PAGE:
False meta-perception effects are also evident in meta-prejudice and meta-dehumanization perceptions of partisan outgroups. That is, both Democrats and Republicans think that partisan outgroups are prejudiced against them and dehumanize them to a much greater degree than outgroup members actually do (Moore-Berg, Ankori-Karlinsky, Hameiri, & Bruneau, manuscript in preparation). Again, these false meta-perceptions are directly related to intergroup hostility. As meta-perceptions become more extreme, so too does social distancing from partisan outgroups and support of aggressive policies that harm political outgroups (Moore-Berg, Ankori-Karlinsky, Hameiri, & Bruneau, manuscript in preparation).

Prejudice Interventions

Prejudice and discrimination are on the rise. The number of hate crimes and instances of hate speech has drastically increased over the past several years, which makes the need for interventions that combat prejudice and discrimination of utmost importance. I am committed to developing theory-driven interventions that have real world impact and to identifying the psychological mechanisms of established interventions currently used to fight prejudice and discrimination. 

In one line of research, I conduct interventions to challenge perceptions about the types of immigrants entering the United States through its southern border with Mexico (Moore-Berg, Hameiri, Falk, & Bruneau, manuscript in preparation). Specifically, both Democrats and Republicans have erroneous perceptions about the types of immigrants entering the United States. For example, according to the Department of Homeland Security, less than 1% of immigrants are gang affiliated and less than 0.1% of child immigrants are being used as props by adults to gain entry into the United States. However, my work suggests that both Democrats and Republicans severely overestimate the percent of immigrants who are affiliated with gangs (11% and 21%, respectively) and the percent of children who are being used as props (24% and 47%, respectively). These overestimates are directly predictive of increased dehumanization of immigrants, reduced empathy for immigrants’ suffering, and increased support for anti-immigrant policies (such as a child separation policy). My research indicates that correcting these perceptions and showing an empathy-inducing video about immigrants is a successful way to reduce dehumanization of immigrants, increase empathy toward immigrants, and reduce support for harsh anti-immigrant policies.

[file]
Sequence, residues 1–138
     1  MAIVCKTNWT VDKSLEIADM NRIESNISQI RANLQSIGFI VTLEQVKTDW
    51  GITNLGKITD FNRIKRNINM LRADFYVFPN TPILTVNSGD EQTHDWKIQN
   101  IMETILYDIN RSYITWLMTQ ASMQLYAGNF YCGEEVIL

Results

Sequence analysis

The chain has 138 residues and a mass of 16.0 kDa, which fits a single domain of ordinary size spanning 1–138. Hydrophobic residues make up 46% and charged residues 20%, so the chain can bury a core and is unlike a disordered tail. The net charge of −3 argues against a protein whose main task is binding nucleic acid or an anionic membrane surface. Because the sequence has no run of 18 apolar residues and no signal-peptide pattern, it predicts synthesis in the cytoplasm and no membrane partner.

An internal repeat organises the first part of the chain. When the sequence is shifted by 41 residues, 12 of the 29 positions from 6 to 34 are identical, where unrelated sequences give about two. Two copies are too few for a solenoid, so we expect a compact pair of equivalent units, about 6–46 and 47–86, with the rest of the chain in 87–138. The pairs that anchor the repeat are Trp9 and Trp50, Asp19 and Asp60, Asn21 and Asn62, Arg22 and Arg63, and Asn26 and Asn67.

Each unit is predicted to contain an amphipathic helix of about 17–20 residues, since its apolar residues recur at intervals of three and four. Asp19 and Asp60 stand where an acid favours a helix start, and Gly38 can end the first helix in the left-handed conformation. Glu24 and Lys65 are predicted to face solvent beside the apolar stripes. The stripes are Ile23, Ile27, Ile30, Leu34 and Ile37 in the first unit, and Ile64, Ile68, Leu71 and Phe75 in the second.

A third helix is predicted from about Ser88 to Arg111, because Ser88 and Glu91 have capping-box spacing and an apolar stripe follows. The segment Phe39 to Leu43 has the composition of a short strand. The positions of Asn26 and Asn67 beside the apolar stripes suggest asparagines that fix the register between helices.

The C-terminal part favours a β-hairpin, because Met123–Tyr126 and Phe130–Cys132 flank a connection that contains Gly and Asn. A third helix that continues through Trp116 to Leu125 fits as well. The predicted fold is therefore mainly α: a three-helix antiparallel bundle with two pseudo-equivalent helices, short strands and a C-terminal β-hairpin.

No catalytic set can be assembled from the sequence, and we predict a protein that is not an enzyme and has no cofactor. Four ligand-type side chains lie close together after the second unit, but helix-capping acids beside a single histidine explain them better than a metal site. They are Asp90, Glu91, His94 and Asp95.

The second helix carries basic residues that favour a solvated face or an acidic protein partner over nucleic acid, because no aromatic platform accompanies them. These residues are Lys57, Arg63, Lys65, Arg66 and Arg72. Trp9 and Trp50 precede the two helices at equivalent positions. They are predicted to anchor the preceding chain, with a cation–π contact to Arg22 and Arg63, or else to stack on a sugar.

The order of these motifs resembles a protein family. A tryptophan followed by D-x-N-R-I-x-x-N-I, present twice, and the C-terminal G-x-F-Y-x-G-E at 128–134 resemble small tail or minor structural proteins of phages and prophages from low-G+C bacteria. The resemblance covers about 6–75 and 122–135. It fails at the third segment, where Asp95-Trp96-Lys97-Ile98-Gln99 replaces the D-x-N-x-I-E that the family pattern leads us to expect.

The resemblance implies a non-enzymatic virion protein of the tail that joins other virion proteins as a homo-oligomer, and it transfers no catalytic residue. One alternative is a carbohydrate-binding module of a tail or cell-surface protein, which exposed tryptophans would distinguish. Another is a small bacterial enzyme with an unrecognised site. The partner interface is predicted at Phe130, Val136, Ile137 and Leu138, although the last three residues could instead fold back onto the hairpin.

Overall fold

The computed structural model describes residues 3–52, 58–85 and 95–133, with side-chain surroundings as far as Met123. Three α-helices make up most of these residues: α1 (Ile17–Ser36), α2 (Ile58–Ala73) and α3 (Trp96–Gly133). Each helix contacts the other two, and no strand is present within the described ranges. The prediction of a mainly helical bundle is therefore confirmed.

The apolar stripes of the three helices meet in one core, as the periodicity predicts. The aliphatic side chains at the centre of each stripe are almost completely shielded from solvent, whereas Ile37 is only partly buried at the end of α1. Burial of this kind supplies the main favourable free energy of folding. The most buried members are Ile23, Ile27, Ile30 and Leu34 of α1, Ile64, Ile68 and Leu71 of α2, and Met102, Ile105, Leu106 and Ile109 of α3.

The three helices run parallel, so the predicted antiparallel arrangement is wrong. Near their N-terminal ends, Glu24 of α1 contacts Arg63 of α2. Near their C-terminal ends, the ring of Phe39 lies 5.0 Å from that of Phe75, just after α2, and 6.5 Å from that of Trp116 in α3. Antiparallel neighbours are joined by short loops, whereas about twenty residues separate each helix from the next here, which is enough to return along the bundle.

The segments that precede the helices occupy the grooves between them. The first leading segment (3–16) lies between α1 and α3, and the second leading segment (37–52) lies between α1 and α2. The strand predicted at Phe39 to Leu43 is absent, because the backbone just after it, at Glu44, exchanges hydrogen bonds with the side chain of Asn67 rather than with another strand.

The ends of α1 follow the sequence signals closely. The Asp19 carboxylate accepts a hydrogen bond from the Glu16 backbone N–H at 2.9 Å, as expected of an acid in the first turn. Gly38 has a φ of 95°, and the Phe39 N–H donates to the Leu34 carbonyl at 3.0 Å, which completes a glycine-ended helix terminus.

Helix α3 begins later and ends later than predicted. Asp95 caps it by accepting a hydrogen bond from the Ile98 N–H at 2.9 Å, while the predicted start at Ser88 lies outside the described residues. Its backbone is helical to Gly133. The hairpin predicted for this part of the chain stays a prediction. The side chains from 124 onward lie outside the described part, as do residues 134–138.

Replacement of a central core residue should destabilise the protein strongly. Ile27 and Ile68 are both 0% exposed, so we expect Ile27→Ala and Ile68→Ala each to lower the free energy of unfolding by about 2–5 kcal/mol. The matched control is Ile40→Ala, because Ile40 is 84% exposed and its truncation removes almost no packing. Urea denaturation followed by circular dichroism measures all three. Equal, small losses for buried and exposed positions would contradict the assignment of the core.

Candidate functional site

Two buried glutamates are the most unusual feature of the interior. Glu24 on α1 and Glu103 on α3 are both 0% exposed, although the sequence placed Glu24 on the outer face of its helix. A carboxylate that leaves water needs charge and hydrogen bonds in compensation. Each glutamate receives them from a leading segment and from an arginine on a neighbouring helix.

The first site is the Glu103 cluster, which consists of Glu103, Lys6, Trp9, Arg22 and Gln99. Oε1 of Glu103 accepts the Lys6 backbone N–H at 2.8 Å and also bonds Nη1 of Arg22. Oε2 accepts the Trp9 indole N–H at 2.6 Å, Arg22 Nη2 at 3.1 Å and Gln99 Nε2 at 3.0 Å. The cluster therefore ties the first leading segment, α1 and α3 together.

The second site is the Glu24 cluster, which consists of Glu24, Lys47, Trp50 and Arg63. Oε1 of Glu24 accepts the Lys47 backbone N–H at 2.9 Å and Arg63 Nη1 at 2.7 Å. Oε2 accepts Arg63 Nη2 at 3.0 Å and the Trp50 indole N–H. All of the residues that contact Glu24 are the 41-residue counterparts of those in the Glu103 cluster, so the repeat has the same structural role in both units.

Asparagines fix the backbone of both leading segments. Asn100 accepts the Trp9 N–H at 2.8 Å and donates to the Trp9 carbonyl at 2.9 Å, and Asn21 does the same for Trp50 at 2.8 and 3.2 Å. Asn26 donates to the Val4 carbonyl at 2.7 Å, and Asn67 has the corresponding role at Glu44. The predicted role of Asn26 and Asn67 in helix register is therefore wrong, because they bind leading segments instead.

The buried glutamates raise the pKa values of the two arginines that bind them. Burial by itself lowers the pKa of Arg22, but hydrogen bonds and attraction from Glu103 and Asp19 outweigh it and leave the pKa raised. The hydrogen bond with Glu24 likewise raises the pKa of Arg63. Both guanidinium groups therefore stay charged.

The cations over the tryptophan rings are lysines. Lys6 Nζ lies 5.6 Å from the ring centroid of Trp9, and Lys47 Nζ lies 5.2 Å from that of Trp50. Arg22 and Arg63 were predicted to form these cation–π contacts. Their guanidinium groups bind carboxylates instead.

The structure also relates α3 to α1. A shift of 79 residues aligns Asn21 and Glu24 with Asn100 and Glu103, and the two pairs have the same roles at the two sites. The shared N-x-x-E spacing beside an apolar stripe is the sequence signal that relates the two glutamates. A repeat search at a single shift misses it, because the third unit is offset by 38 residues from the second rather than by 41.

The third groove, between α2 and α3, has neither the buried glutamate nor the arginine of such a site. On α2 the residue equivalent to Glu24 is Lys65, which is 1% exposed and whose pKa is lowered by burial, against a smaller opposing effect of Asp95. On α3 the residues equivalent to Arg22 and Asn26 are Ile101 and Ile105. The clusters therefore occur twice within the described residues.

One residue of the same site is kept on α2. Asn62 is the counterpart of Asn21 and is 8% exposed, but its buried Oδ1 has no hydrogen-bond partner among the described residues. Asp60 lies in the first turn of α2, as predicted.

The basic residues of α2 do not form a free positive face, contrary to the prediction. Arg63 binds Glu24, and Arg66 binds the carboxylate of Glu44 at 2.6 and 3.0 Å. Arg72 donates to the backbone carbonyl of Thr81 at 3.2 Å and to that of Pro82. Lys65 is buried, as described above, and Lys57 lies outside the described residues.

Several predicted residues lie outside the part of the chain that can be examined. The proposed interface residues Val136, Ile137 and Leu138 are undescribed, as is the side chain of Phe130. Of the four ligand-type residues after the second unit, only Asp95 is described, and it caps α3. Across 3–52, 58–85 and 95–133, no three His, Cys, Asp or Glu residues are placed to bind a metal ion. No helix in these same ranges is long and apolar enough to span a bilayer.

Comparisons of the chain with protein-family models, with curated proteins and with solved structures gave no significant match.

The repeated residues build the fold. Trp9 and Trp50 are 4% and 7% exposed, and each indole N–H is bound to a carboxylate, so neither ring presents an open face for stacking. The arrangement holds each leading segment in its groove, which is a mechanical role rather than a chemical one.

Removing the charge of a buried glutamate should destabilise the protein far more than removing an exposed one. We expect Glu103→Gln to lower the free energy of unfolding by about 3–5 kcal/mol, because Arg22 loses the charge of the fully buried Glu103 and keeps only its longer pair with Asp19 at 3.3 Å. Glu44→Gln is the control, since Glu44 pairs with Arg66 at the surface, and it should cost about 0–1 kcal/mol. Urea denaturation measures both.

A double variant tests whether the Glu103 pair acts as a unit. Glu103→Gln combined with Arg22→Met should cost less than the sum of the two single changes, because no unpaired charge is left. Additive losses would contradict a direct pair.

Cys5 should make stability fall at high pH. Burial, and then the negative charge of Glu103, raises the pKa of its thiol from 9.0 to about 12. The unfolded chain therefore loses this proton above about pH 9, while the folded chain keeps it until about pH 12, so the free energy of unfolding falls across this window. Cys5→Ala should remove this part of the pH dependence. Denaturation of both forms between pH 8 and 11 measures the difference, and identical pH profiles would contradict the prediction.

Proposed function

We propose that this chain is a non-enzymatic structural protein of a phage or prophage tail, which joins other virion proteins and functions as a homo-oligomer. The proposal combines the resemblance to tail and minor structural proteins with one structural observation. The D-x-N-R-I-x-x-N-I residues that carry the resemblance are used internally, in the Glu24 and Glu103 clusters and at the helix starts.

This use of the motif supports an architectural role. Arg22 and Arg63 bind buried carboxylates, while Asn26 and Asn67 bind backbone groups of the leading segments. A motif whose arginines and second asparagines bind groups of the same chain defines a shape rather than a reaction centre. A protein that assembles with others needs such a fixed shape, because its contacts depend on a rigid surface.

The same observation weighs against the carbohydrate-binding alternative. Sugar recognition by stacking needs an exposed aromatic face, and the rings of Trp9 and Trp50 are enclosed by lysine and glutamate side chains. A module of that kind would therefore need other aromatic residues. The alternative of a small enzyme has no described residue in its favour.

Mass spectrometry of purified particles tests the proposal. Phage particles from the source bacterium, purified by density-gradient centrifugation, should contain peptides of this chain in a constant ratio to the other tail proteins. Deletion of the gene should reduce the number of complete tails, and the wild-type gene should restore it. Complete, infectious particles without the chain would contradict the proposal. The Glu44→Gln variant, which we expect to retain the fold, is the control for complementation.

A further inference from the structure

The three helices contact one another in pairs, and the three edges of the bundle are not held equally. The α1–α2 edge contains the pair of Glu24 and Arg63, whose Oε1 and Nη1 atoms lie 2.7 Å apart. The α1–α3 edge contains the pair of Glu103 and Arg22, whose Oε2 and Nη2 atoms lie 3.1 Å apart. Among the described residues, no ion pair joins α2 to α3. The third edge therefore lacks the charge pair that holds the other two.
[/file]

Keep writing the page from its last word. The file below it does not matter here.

Another avenue of my intervention research focuses on reducing Islamophobia. For instance, in one project (Moore-Berg, Hameiri, Falk, & Bruneau, under review), I conducted an intervention tournament that compared the effectiveness of several anti-Islamophobia intervention videos. Importantly, these videos were developed by practitioners and are currently being used in the field to combat Islamophobia. After identifying the successful intervention videos, I conducted several follow-up studies to determine the psychological mechanisms (recognition of media bias against Muslims and identity overlap between Muslims and Americans) through which these successful videos work. I am currently in the process of assessing a new set of intervention videos in order to identify additional successful anti-Islamophobia videos and the mechanisms through which they work.

Implicit Social Cognition

Implicit attitudes—attitudes that are outside of our conscious control or awareness—are paramount to intergroup interactions; they affect our views of others, influence our reactions to others, and shape our interactions with others. In this line of research, I seek to understand what the antecedents of implicit attitudes are, what implicit attitudes predict, and how implicit attitudes affect intergroup interactions. Some of my recent work has focused on understanding implicit stigmatization about non-suicidal self-injury (Piccorillo, Burke, Moore-Berg, Heimberg, & Alloy, 2018; Piccorillo, Burke, Moore-Berg, Heimberg, & Alloy, under review), the influence of racial labels on implicit attitudes (Moore-Berg, Fitzpatrick, & Karpinski, under review), and the predictive validity of implicit measures (Moore-Berg, Briggs, & Karpinski, 2019).

© Copyright 2019, Samantha Moore-Berg